• Chesapeake District
  • Dulaney District
  • Four Rivers District
  • Harford District
  • Hopkins District
  • National Pike District
  • Reginald F. Lewis District (formerly Scoutreach District)
  • The Capitol District
  • Pathfinders District
  • Learning For Life District


Baltimore Area Council operates a Scout camp in Harford County, Maryland known as Broad Creek Memorial Scout Reservation.[2] Broad Creek land was first acquired in 1946. Over 1,900 acres (7.7 km2) of land are owned and/or operated by BAC. It has operated as a Scout camp since 1948 and is one of the five largest blocks of contiguous forest in the traditional (western shore) Baltimore metropolitan area, and the largest such private forested area. In 2009, a new Rosenberg Welcome Center, formerly the Reservation HQ, and the expansion of the Dining Hall Pavilion at Camp Oest were constructed to accommodate attendance growth and goals in the 2008-2012 Baltimore Area Council Strategic Plan.

Broad Creek has three primary camps, two secondary camps, plus a large natural area including the largest hemlock forest east of the mountains in Maryland. Several pine plantations were planted in 1949-51 and felled in 2006-7 due to beetle infestations.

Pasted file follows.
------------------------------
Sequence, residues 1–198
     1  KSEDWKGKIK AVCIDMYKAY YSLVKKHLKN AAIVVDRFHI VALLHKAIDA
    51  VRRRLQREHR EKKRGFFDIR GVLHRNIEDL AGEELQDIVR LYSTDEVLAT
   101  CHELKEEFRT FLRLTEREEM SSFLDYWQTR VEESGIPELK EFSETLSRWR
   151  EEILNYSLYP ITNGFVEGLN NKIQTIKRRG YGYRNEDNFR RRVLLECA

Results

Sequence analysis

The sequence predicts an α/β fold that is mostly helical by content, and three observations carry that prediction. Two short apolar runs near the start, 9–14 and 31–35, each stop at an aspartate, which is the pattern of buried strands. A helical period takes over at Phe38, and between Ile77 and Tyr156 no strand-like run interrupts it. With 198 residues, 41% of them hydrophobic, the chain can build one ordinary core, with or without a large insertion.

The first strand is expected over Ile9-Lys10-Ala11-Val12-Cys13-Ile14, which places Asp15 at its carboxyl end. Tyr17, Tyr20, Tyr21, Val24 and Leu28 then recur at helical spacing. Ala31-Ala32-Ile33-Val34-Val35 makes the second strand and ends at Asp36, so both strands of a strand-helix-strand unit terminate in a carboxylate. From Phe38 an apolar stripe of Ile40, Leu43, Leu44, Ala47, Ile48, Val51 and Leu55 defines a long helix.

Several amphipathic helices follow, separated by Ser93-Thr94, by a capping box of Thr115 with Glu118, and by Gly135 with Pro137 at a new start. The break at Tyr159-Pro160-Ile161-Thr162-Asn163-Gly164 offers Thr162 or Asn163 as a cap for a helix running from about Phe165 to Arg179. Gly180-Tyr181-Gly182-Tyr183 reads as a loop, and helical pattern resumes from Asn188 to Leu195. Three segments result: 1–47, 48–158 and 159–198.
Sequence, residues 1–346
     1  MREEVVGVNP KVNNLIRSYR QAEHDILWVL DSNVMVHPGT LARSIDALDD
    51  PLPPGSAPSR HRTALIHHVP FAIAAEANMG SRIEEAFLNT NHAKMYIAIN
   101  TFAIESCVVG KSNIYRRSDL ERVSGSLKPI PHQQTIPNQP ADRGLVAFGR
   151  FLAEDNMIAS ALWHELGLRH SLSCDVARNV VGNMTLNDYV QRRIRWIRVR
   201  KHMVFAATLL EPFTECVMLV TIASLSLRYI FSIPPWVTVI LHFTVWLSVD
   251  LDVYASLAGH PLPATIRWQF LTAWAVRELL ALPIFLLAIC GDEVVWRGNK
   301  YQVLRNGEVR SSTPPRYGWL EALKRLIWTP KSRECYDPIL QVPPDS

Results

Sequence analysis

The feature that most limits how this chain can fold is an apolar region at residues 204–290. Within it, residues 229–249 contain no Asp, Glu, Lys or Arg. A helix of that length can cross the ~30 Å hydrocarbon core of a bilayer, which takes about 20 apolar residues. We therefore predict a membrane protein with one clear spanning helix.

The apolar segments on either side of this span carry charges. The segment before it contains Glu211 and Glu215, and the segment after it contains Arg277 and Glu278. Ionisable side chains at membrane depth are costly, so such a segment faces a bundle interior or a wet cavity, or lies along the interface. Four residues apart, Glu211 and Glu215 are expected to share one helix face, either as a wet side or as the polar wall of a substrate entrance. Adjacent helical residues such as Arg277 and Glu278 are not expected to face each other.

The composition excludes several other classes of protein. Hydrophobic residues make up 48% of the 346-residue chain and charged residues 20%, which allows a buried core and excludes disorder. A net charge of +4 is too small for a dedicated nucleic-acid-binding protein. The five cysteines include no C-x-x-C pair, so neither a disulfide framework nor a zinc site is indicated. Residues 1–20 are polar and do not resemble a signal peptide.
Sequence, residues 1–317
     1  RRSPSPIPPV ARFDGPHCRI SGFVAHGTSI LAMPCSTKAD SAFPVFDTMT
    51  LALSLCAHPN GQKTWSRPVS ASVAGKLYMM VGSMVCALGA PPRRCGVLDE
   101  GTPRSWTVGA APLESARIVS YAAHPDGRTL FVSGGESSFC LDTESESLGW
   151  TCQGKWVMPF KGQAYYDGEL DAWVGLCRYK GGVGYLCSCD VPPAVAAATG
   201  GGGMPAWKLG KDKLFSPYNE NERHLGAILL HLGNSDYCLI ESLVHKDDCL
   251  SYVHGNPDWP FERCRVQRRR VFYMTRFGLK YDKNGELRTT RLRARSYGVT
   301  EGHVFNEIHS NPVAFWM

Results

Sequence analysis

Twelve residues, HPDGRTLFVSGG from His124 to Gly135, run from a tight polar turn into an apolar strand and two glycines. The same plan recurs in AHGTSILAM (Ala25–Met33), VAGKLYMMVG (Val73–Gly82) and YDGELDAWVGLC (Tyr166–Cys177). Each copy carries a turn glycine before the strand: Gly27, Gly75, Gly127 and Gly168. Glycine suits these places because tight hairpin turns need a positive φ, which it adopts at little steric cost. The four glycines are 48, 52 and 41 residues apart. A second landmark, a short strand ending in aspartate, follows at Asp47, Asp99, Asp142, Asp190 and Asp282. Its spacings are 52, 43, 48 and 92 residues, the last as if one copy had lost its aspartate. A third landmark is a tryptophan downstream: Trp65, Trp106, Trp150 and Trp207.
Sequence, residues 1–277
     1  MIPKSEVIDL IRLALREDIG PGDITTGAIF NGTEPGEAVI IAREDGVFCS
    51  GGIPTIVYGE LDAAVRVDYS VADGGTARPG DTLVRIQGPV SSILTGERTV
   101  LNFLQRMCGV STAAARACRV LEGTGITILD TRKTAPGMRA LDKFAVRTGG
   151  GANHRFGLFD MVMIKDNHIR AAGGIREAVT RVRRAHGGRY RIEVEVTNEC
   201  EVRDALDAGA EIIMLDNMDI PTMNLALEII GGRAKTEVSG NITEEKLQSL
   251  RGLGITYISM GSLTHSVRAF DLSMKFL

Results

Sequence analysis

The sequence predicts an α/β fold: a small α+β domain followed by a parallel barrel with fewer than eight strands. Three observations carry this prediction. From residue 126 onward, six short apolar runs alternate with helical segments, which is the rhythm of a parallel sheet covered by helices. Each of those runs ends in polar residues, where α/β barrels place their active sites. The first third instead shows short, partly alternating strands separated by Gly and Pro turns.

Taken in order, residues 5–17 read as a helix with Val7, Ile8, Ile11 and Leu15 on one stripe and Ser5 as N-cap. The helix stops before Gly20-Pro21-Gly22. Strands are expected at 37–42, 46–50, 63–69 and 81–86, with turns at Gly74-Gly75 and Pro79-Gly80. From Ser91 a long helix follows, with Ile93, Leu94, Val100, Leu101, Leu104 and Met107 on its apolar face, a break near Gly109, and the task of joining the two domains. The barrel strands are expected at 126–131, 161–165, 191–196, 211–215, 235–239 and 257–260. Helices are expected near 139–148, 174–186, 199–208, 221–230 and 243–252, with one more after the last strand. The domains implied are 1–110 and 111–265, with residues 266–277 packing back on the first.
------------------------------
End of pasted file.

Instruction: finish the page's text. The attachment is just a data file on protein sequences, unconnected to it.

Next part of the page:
The primary camps are called Camp Saffran (named after Frederick A. Saffran), Camp Spencer (named after William B. Spencer), and Camp Oest (named after E. Wallace Oest). Camps Saffran and Spencer operate as Boy Scout summer camps and Camp Oest as a Cub Scout resident summer camp. Camp Saffran's Middle Ridge area features a high ropes "COPE" challenge course and zip line.

Of the secondary camps, Camp Cone's remote Houck Lodge is often used by non-scout groups and for training events and, along with Camp Finney, the forests are used for hiking, backpack camping, and orienteering, with paddling access to both the mile-long Lake Straus waters and to the huge Conowingo Reservoir (Susquehanna River). All of the camps in BCMSR are named for a person with an early history of long service to the council.

The hemlocks stand includes the largest Eastern Hemlock in the state of Maryland (officially designated as of July 3, 2007.) A fund-raising campaign started in 2005 allows for ongoing treatment by volunteers of over 2,000 individual hemlock trees for protection against the invasive woolly adelgid hemlocks infestation.